For the first 10 years, we played a theater down near Georgia State. They had everything there: the circus, ice shows, Friday night wrestling. We’d come in on Saturday morning for rehearsal and they’d be taking down the wrestling ring for the arena, picking up beer bottles. When the circus had been there, flies were all over the place. Once we came in and heard a roar, and it turned out the circus hadn’t picked up the animal cages for the lions and tigers yet.
We also had to play concerts outside the city. A run out is when you leave Atlanta and go to within 150 miles to play a concert, and come back the same night. Many of the players had day jobs; we had schoolteachers and businessmen, so it was tiring. One time, we were playing a concert in Birmingham, and there were three buses to bring us home. Then one bus broke down. So we put everyone on the other two buses. Then one of those buses broke down. I remember sitting on the side of the road waiting for a bus to come pick us up. We didn’t get home until 7:30 a.m. And my boyfriend, later my husband, Warren (a member of the orchestra’s flute section) and I were driving home that morning, and my neighbors were all eyeing me like, Where in the world have you been?
You’ve performed with some musical greats at the ASO. Does anyone stand out?
We had [Igor] Stravinsky as a guest conductor, and that was quite a treat. We had Van Cliburn, and he was a delightful young person who played so beautifully. We had some great artists back then. One time—it could have been a disaster—but we had the great pianist [Arthur] Rubinstein performing with us. At the time he was considered the best in the world. He was doing a Tchaikovsky piano concerto, and as he lifted his hands to play, the piano started rolling towards the audience. Rubinstein tried to hold on to the piano, but it kept rolling, and finally one of the legs crashed into a footlight. If that leg hadn’t have been stopped by the footlight, it would have taken out the first row of the patrons—they had added extra seats in the front, he was so popular. Afterwards, they rolled the piano back and started the concert over again.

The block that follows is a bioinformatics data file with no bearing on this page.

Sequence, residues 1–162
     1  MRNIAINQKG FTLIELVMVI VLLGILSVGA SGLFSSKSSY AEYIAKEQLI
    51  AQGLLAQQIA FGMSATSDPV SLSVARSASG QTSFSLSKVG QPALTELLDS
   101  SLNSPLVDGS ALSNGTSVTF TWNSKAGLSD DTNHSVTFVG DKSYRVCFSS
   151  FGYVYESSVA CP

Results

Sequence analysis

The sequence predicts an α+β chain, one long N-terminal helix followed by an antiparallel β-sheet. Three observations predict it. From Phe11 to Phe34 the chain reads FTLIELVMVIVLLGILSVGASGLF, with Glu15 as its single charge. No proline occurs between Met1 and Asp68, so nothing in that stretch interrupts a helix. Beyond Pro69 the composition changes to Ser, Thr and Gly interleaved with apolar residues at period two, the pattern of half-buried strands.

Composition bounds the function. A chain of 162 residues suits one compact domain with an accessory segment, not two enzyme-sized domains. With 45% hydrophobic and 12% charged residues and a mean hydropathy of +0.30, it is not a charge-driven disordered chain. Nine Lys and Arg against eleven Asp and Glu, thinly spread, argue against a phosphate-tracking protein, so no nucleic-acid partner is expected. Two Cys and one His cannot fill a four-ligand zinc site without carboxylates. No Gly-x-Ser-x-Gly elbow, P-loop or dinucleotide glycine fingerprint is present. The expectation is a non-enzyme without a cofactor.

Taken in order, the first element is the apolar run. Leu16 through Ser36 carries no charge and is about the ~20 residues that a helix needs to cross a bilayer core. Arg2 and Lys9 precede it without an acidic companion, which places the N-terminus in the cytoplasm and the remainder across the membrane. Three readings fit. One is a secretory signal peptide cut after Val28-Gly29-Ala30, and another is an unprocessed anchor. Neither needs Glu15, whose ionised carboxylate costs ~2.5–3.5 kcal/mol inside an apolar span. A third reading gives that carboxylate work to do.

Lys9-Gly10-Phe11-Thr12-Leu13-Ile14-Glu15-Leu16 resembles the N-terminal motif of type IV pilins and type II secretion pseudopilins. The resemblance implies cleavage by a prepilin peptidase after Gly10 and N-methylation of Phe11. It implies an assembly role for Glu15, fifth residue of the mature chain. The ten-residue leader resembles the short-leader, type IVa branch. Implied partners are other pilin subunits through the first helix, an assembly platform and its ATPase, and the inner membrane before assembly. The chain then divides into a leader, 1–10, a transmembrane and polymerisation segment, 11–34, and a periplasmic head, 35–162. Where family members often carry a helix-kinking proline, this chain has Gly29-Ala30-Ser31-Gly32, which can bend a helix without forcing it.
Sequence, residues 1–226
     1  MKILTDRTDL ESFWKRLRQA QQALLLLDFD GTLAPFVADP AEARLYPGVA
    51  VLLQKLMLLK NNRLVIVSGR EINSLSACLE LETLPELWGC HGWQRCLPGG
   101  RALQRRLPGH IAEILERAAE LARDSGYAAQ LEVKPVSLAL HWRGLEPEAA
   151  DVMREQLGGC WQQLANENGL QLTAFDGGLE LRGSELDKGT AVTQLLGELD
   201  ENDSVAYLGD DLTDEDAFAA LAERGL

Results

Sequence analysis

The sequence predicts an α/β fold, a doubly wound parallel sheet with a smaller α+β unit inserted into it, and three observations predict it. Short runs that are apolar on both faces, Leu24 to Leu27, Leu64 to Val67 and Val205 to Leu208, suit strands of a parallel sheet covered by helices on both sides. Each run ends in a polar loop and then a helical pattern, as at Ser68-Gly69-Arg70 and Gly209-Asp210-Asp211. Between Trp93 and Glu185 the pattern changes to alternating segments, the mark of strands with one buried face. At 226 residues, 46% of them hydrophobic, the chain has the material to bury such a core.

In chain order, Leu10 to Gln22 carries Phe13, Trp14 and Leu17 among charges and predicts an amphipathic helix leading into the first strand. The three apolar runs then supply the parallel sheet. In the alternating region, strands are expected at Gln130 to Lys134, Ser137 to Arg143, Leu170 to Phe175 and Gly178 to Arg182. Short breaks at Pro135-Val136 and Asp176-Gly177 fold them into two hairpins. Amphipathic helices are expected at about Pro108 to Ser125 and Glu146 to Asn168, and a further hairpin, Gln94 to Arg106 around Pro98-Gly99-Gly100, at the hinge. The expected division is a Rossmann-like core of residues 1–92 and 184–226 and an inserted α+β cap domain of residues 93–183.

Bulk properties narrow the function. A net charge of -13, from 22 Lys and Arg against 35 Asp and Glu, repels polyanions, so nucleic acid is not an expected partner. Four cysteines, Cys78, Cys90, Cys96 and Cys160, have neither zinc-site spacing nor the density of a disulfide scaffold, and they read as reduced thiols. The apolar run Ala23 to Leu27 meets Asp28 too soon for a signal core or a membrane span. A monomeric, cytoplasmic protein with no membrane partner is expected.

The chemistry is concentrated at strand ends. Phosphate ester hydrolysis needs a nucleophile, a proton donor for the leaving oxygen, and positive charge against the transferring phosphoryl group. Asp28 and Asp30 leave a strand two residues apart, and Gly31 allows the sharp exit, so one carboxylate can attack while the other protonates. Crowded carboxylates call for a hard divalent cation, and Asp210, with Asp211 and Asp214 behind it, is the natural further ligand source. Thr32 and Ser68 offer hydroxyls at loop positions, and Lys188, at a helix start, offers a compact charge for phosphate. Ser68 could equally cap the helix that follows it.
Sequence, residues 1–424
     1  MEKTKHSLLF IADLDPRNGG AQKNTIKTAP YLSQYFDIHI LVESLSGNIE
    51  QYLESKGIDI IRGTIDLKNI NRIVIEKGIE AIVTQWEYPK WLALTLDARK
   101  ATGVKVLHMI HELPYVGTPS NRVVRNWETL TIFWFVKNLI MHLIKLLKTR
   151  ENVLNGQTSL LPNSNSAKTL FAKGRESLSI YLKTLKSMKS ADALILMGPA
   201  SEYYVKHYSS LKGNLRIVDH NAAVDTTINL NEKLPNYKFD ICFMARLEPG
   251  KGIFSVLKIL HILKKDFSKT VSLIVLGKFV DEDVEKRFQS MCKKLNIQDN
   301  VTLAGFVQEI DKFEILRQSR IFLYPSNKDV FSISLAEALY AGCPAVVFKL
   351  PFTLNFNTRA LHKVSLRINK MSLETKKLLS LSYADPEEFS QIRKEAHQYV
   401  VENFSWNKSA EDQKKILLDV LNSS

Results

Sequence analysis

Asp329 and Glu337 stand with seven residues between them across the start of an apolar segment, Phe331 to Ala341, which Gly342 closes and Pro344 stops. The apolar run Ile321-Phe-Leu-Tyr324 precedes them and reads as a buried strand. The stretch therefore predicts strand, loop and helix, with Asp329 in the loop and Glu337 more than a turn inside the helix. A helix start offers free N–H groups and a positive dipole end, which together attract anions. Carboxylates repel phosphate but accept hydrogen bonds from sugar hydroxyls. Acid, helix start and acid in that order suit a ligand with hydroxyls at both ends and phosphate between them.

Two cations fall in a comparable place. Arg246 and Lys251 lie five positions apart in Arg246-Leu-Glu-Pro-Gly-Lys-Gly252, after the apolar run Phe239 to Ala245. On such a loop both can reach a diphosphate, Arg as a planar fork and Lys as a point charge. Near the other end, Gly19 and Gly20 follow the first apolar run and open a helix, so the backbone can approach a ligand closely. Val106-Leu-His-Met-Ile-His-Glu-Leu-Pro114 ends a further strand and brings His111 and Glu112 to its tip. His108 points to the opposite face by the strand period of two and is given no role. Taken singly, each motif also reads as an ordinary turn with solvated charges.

This season the ASO is celebrating the centennial of conductor Robert Shaw’s birth. What was it like playing for him?
I have such a great affinity for Shaw. I was just crazy about him, so it means a lot for me to play in those [centennial] concerts. It’s been an emotional year. When we first found out he was coming, everyone had to audition for him solo. We had three weeks notice, and my audition was the day after Christmas. I knew that I was playing for my job. I told my family, “Listen, Christmas has got to be on hold this year.” I was in my early 30s, and I knew this could be a life-changing event for me.
I practiced seven hours a day for three weeks straight. My appointment was at 10 a.m., and I walked in, and he was so nice and gracious. As I was uncovering my bass, he complimented the instrument and said how beautiful it was. He made me feel so at ease, I probably played better [that morning] than I’d ever played in my life. Later, when I was issued my contract, I was appointed co-principal bass. And I had just been a section player up until that point, so I was thrilled. Sixty percent of the orchestra was let go during the next three years, though, so it was a life-changing event for a lot of people.
I feel like my career really started in earnest under his tenure. He wanted me to play all the chamber music, which I’d never done before. I worked so hard, and he was such a wonderful musician, that he made you want to work to please him. I hope I can play some of the works that he was so famous for, like the Brahms Requiem.
How do you feel about breaking the record this season?
Honestly, after 71 years, I’m ready to retire. But I think it’s fantastic. I was competing with this woman out in Utah, who played 70 years, 69 of them with the Utah Symphony. When I heard she was retiring, I said, “I’m going for it!”